Soil Test By Mario Villarino

March 29, 2023- With the First Day of Spring and the most recent warm weather and sunny days we start thinking about our warm season pastures and hay meadows. A few things to keep in mind as our warm season forages begin to break dormancy: Soil Test! Soil Test! Soil Test! If you have not done so for this year, please consider obtaining a soil test now. 

There is not much that can be done regarding the high cost of fertilizer, but there is much we can do regarding how efficiently we use fertilizer. The soil test is the first step in efficient fertilizer use and improved forage production. Samples should be collected annually for hay meadows and every 2 to 3 years for grazing pastures. For soil forms and bags contact your County Extension Office in Sulphur Springs at 903-885-3443 or visit us at 1200B Houston Street in Sulphur Springs. Scout for warm-season annual weeds and grasses whether to control them with recommended herbicides.

When pastures contain 50% or more weeds, economic inputs start to increase and net returns drop. Apply herbicide early, depending on the climate. To control annual weeds effectively, spray when they are small and growing. Follow the recommendations on the product label. Note: Herbicides that control broadleaf weeds also kill clover.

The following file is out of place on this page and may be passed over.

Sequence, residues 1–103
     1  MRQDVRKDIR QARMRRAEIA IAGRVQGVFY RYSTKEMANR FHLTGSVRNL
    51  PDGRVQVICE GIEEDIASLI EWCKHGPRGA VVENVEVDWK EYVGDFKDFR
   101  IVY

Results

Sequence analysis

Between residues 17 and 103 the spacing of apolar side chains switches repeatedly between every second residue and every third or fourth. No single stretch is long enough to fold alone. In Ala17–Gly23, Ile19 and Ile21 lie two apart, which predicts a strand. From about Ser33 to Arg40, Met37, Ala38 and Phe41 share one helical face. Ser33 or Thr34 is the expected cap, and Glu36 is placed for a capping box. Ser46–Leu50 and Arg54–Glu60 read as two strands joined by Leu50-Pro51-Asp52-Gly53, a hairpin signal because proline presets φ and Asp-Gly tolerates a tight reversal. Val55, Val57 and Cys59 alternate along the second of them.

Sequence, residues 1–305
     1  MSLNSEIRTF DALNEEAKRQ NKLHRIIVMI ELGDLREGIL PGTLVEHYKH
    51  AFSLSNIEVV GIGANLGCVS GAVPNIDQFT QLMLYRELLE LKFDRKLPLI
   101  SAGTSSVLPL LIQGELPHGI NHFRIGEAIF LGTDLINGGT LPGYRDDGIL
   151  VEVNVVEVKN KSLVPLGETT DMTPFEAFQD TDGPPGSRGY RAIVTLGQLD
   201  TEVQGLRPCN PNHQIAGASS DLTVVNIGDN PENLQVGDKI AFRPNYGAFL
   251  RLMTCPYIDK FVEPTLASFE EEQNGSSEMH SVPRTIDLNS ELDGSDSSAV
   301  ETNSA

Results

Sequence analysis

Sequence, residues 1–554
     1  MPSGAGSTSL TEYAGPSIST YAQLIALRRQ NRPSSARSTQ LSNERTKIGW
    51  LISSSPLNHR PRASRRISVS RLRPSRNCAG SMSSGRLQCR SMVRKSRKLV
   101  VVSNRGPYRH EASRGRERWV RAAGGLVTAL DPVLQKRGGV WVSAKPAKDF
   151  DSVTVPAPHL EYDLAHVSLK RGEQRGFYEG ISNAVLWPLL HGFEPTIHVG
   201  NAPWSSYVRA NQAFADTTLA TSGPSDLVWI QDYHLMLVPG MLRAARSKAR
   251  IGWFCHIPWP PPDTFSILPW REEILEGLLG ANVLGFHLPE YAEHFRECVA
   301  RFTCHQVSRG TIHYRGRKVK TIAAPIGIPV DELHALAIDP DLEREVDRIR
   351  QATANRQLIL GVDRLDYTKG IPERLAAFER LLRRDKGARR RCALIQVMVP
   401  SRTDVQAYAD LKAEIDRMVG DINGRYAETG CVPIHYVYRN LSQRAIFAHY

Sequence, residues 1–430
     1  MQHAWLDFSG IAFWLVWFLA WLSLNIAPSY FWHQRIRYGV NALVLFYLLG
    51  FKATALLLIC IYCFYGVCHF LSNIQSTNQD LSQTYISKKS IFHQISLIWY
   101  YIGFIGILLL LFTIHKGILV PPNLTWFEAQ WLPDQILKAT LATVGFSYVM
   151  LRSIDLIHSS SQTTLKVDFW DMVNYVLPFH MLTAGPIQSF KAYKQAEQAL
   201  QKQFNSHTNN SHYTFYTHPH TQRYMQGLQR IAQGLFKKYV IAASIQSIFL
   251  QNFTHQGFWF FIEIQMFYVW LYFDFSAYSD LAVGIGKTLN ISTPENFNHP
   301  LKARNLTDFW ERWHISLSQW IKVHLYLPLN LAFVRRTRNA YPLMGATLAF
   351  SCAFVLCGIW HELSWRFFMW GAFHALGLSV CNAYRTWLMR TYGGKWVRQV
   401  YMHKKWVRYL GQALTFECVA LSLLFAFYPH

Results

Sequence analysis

Sprayer Calibration is a critical step for a pesticide applicator in making sure the correct amount of pesticide is applied to the target site. Calibration is the process by which the amount of pesticide being applied per a unit of area is determined. This step is most often skipped because we get in a hurry, we calibrated it once a long time ago (surely nothing has changed) or we forget. By skipping sprayer calibration the applicator may be applying too much pesticide or not enough pesticide. If too little pesticide is applied, the pest may not be controlled. Using more product than label directions recommend is illegal, may not control the pest effectively, may injure non-targets and may be hazardous to the environment. For more information on this or any other agricultural topic please contact the Hopkins County Extension Office at 903-885-3443 or email me at [email protected].

Author: Ethan Klein

Share This Post On